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Operations research on malaria reduction and the efficacy of long-lasting insecticidal nets (LLINs) as a replacement for indoor residual spraying
Malaria is a significant threat to health globally, affecting more than 500 million people a year and causing nearly 800,000 deaths. The U.S. President's Malaria Initiative (PMI), established in 2005, and other international groups have dedicated significant resources to combating malaria, especially in Africa where the malaria burden is very high. The PMI's specific focus countries include: Angola, Benin, the Democratic Republic of Congo, Ethiopia, Ghana, Kenya, Liberia, Madagascar, Malawi, Mali, Mozambique, Nigeria, Rwanda, Senegal, Tanzania, Uganda, and Zambia.</p> <p>In order to reduce malaria transmission, PMI has promoted indoor spraying of residual insecticides (IRS) and the use of long-lasting insecticide-treated nets (LLINs). IRS involves regularly spraying the interior walls of a home with insecticides to kill mosquitoes that come into contact with the treated walls. LLINs are hung over sleeping areas every night to repel and kill mosquitoes that land on the net. While both IRS and LLINs have been proven highly effective in reducing malaria morbidity and mortality, there is a lack of research on whether the use of LLINs alone is equally effective as the use of IRS alone, or on whether LLINs alone are as effective as the use of IRS combined with LLINs.
In order to inform organizations and national malaria control programs on the most effective methods for reducing malaria transmission, TRAction is supporting research to investigate whether high coverage of LLINs can reduce the need for IRS. The research aims to determine the efficacy of using LLINs alone compared to using IRS alone and to using LLINs in combination with IRS. The results of the research will be used to inform countries on whether IRS can be phased out without compromising malaria control.
Funds for the research are provided by the United States Agency for International Development (USAID) under the President’s Malaria Initiative (PMI).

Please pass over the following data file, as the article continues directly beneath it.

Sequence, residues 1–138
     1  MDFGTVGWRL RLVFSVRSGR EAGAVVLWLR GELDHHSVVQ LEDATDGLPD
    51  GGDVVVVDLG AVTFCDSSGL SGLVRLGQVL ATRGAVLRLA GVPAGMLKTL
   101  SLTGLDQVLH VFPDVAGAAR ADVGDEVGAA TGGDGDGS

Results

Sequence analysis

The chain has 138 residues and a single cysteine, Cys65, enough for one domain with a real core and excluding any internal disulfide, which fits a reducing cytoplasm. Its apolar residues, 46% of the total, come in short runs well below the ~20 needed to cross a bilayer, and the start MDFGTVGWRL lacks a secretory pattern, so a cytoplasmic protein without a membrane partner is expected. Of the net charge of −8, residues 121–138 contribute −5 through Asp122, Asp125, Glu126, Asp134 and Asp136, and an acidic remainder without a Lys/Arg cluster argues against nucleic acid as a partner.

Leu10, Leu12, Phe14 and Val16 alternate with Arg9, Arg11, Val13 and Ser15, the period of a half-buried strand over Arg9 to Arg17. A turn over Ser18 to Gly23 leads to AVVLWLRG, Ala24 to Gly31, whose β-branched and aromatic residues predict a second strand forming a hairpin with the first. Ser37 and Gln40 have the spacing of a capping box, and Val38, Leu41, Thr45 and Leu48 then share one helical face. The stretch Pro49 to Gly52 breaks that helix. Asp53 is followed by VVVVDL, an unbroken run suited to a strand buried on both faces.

TRAction has awarded funds to the London School of Hygiene and Tropical Medicine,to work in collaboration with the Tanzanian National Institute for Medical Research and the Kilimanjaro Christian Medical Center. The research is being conducted in the Muleba District of Tanzania’a Mwanza region, where P. falciparum malaria was endemic until PMI began conducting annual IRS in 2007.
The study will be conducted over two years, with the study population divided into two groups:
- In the first year of the study, both arms will receive IRS and LLINs.
- In the second year of the program, one arm will continue to receive IRS and LLINs, while the other will rely on LLINs alone.
Results from this study can be used by national governments and ministries of health across Africa, the President’s Malaria Initiative, and the Tanzanian National Malaria Control Program to inform decisions about how best to use malaria control resources.
Research activities will be carried out in collaboration with both national and local partners. National partners for the study are the Tanzanian National Malaria Control Program, Mennonite Economic Development Associates (MEDA), and Johns Hopkins University (JHU). MEDA, which has been a major participant in the Universal Coverage Campaign of LLIN distribution in Muleba, and JHU, which undertook qualitative research on IRS perceptions elsewhere in Tanzania’s Lake Zone, will provide guidance and support to the research team. At the local level, the regional medical office and the Research Triangle Institute (RTI) will coordinate with researchers on the schedule for IRS applications.
Presidents Malaria Initiative
World Health Organization (Malaria)
WHO, Global Malaria Programme - Insecticide-treated Netting Materials. Provides links to strategies, guidelines, and other reports on insecticide-treated materials.
Roll Back Malaria Partnership (RBM) - Nets and Insecticides.
London School of Hygiene and Tropical Medicine
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